TRUMP REVERSES ANOTHER OBAMA CLIMATE POLICY: The White House on Friday proposed reversing an Obama-era policy that directs agencies to consider the climate impact from various projects.
The draft guidance would change the way agencies evaluate the environmental effect of things like pipelines and oil and gas drilling.
"Agencies should analyze reasonably foreseeable environmental consequences of major Federal actions, but should not consider those that are remote or speculative," the guidance said in a section about greenhouse gas (GHG) emissions.
The document added that agencies "need not give greater consideration to potential effects from GHG emissions than to other potential effects on the human environment."
Context: The guidance from the White House Council on Environmental Quality comes just days after the Environmental Protection Agency (EPA) announced a rollback of Obama-era regulation on emissions from power plants.
The guidance directs agencies to consider greenhouse gas emissions when "substantial enough to warrant quantification." Agencies do not have to consider how a project might impact greenhouse emissions if doing so would be "overly speculative."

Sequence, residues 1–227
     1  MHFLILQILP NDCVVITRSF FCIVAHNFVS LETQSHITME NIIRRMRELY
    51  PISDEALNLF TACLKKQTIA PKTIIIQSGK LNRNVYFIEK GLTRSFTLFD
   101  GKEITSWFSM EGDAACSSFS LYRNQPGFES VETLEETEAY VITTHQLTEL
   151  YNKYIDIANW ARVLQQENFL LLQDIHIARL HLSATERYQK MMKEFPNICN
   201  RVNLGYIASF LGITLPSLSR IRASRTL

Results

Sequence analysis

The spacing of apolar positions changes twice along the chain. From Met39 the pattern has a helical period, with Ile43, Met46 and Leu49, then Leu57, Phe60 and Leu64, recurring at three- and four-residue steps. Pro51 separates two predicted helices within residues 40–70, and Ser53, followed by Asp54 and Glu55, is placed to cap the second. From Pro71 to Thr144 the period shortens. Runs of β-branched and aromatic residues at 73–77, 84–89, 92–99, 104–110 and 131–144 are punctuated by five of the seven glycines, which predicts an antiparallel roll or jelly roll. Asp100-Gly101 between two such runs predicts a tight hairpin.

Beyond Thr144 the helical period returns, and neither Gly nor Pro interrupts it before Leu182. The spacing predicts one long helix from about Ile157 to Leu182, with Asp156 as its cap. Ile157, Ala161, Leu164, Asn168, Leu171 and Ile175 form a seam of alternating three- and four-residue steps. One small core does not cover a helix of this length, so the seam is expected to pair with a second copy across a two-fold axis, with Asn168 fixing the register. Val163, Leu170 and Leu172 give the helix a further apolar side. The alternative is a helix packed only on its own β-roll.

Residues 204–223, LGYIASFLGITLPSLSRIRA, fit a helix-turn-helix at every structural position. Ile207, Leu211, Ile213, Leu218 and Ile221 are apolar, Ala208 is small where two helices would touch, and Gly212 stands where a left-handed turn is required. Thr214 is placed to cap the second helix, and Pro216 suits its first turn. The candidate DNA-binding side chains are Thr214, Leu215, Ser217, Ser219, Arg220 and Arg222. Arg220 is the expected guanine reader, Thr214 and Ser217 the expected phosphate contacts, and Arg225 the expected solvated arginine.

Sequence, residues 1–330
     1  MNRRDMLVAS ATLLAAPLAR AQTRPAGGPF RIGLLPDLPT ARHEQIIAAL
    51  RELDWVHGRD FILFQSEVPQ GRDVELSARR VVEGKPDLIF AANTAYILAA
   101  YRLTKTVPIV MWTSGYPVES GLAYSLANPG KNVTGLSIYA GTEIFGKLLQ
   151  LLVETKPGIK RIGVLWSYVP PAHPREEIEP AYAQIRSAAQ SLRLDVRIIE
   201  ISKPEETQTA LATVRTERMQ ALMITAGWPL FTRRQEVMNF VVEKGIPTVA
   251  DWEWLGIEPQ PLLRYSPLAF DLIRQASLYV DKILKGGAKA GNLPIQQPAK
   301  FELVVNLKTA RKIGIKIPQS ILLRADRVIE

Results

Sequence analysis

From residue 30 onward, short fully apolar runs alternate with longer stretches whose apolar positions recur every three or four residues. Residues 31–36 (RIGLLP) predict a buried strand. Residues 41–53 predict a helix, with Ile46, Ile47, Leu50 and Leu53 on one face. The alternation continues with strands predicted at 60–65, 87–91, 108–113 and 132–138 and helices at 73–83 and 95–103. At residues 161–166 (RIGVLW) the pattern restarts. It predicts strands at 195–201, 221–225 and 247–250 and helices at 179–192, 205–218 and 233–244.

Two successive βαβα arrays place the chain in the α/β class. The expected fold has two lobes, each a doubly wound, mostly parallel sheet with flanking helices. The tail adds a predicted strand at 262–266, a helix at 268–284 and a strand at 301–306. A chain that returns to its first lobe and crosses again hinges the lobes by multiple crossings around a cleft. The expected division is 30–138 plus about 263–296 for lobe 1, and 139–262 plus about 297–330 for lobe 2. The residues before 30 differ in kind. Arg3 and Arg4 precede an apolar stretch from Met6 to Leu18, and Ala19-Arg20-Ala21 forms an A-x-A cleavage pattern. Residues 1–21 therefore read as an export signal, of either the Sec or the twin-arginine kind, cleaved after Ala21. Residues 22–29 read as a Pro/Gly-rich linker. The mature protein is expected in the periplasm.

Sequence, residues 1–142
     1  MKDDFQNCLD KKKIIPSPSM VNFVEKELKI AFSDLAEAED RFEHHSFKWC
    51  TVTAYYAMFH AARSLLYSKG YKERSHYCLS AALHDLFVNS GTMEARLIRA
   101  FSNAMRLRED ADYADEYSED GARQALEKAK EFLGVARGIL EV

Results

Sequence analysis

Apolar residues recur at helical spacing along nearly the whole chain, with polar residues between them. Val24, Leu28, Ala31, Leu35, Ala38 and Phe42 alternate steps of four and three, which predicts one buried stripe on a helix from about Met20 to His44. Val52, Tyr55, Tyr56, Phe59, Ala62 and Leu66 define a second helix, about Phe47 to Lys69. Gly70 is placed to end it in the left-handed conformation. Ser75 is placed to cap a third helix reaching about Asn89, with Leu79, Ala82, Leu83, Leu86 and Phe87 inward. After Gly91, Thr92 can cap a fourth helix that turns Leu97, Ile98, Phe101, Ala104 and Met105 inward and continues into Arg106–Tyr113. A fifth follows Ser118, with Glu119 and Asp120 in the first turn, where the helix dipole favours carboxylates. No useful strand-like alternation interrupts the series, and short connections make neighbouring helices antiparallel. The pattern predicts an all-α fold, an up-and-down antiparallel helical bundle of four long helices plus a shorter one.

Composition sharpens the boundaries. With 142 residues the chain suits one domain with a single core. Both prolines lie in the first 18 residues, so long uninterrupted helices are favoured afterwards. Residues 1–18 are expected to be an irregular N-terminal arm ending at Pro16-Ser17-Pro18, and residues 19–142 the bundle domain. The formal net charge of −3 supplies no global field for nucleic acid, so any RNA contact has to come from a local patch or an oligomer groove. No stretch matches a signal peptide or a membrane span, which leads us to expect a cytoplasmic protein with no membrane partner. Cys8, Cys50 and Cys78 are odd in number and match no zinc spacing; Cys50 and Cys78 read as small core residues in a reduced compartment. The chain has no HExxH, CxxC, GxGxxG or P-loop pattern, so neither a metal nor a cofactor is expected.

It reverses a 2016 rule from the same council that directed agencies to analyze how the projects they approve will contribute to climate change. Trump withdrew the Obama-era guidance in April 2017.
Greens react: Environmental groups called the proposal an attack on environmental protection.
"Once again, the Trump administration is more than willing to change the rules to benefit their corporate polluter friends. Today's actions do nothing but turn a blind eye to the climate crisis while further stripping oversight and safeguards in an effort to aid the fossil fuel industry," the Sierra Club said in a statement, vowing to fight the proposal.
Read more about the guidance here.
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DEMS HIT PAUSE ON OFFSHORE DRILLING: A spending bill passed by the House late Thursday would block offshore drilling along most U.S. shores, taking development of all of the Atlantic and Pacific coasts off the table.